Rosacea is a chronic skin condition, but that doesn’t mean you’ll perpetually have flare-ups. When you have rosacea, it’s common to go through periods without any noticeable symptoms and periods in which the redness and blemishes are pronounced. While you may not be able to avoid flare-ups altogether, you can take steps to lessen their frequency and intensity.
1. Prioritize stress relief
It might seem like a catch-22. Rosacea flare-ups can cause a lot of stress, but stress can trigger and worsen flare-ups. To stay ahead of this conundrum, make stress relief a part of your daily life. Take note of what tends to cause you stress, then avoid people or situations that do, whenever possible. If credit card debt tends to cause you angst, for example, avoid it by reducing spending or setting calendar alerts to ensure you pay your bills on time. When stress arises, practice deep breathing. For daily ease, start a meditation or yoga practice.
2. Protect your skin from the sun
Even a few minutes in the sun can cause rosacea to rear its head. To avoid this, apply a broad-spectrum sunscreen with an SPF of 30 or more daily. If you’ll be outdoors for lengthy amounts of time, reapply the sunscreen every couple of hours or wear sun-protective clothing, such as a wide-brimmed hat. If you can, stay out of the sun during midday hours, especially during hot summer months. And when you are outdoors, stay in the shade.
3. Prevent overheating
High levels of heat are another common rosacea trigger, and one that can often be prevented. Dress in layers, for example, so you can remove some clothing if you feel overly warm. Keep a distance from heat sources such as radiators and fireplaces. When you bathe or shower, use warm rather than hot water. If you do end up overheated, sip a cold drink, turn on a fan or air conditioning, or drape a wet, cool cloth around your neck.
4. Take caution with your food choices
For some people, spicy foods trigger rosacea symptoms. If you’ve found this to be the case for you, have milder versions of your spicy favorites instead. Go with mild salsa rather than hot, for example, and replace hot peppers with bell peppers. You can also season foods with less spicy seasonings, such as garlic, oregano, and rosemary.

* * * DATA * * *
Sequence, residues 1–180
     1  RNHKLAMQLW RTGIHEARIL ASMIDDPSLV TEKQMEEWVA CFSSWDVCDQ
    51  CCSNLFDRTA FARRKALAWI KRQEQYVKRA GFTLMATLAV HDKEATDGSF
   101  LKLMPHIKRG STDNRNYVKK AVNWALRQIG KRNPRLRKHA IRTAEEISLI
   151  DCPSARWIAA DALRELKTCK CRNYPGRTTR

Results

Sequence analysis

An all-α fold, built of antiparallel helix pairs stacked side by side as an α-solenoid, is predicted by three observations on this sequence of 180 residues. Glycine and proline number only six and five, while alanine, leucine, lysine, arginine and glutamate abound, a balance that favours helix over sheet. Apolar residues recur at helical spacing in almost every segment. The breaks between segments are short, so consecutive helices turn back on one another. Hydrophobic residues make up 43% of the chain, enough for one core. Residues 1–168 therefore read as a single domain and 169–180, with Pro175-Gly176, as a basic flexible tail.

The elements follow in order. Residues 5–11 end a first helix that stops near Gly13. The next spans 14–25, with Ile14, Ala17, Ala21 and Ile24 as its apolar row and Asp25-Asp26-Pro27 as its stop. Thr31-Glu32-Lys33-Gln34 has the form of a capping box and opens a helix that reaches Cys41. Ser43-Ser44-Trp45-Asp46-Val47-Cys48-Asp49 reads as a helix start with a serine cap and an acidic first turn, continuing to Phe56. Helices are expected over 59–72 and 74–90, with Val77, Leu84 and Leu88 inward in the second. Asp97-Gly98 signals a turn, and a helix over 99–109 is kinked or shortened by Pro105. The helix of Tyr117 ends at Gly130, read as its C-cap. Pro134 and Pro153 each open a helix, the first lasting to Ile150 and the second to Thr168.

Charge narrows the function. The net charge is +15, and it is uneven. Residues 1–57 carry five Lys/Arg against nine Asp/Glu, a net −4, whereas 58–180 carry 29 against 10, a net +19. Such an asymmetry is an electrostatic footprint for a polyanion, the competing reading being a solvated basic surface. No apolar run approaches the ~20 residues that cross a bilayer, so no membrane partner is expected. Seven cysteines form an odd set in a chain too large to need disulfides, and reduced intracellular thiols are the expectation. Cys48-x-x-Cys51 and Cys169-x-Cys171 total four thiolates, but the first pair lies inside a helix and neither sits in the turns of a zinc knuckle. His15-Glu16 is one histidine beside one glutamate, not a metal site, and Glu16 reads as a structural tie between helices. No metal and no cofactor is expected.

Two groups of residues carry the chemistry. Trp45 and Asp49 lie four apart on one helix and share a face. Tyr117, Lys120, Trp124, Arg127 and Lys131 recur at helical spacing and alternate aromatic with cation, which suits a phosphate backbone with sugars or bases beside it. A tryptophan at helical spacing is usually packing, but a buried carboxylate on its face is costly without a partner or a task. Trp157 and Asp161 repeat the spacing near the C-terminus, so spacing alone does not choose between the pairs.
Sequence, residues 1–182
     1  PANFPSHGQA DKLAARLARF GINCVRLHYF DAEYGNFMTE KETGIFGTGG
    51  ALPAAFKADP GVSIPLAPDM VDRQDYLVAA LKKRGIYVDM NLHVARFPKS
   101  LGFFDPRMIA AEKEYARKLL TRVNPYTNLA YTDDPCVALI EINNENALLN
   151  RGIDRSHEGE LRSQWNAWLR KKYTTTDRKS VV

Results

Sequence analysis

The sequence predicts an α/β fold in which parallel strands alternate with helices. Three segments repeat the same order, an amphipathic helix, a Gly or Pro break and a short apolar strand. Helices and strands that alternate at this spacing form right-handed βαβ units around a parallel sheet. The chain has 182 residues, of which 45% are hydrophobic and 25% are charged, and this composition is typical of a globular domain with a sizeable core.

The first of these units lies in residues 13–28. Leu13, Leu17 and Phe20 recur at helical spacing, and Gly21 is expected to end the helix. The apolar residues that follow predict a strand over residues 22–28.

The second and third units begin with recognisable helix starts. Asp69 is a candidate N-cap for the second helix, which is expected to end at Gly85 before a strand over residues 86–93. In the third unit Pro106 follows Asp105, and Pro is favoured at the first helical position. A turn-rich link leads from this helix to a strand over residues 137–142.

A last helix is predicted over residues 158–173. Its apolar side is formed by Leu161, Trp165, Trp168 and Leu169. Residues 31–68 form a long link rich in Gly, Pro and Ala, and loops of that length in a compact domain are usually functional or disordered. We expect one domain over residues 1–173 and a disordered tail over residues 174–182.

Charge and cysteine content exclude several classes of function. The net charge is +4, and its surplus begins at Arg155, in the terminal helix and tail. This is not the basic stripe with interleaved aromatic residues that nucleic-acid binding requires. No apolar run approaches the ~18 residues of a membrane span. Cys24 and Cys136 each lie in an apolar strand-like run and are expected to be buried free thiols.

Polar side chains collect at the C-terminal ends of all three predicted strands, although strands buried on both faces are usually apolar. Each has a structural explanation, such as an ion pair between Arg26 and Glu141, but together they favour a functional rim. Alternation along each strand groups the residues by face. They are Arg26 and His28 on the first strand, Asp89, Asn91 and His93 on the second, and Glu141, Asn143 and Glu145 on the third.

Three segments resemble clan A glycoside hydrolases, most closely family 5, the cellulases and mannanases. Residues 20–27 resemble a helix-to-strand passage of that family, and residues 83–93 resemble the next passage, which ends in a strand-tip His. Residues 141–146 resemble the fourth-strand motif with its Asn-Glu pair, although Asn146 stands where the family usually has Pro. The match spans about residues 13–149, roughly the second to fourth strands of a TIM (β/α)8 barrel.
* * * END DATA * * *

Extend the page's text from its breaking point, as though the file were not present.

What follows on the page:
5. Shift your beverage choices
Staying hydrated is important, but certain drinks can fuel rosacea. Hot beverages and alcohol-containing drinks trigger flare-ups for many people, so stick to iced coffees and teas and limit or avoid alcohol — especially red wine. You can also allow hot drinks to cool down to a lukewarm temperature before enjoying them. To reduce the amount of alcohol in a drink, fill half of your glass with lemonade or soda.
6. Protect your skin from cold and wind
Rosacea makes wind burn more likely. Wind and cold can also trigger rosacea flare-ups. To guard against these issues, try not to spend much time in the wind or cold air. When you’re outdoors in these conditions, protect your face with a scarf or ski mask. Just make sure they don’t contain rough fabrics like wool, which can also trigger flare-ups.
7. Stay mindful of your medications
Don’t make changes to your medications or dosages without your doctor’s approval. If you think a medication you take is worsening your rosacea symptoms, however, talk to your doctor. Medications used to treat anxiety, glaucoma, heart problems, hypertension, and migraines might do so. Vitamin B3 can also prompt flare-ups. Your doctor may be able to prescribe an alternate medication.
8. Take caution with makeup and skin care products
Having rosacea probably doesn’t mean you won’t be able to wear any makeup, but you’ll want to avoid certain products. Waterproof makeup, heavy foundation, and lotions containing fragrances are all possible rosacea triggers. Instead, go for regular mascara, a light, liquid-based foundation, and fragrance-free products.
If you’re seeking treatment for rosacea, call us at Holladay Dermatology Clinic, and we’ll schedule you for a consultation with Dr. Topham. Or, if you prefer, use our online booking tool to schedule your own appointment.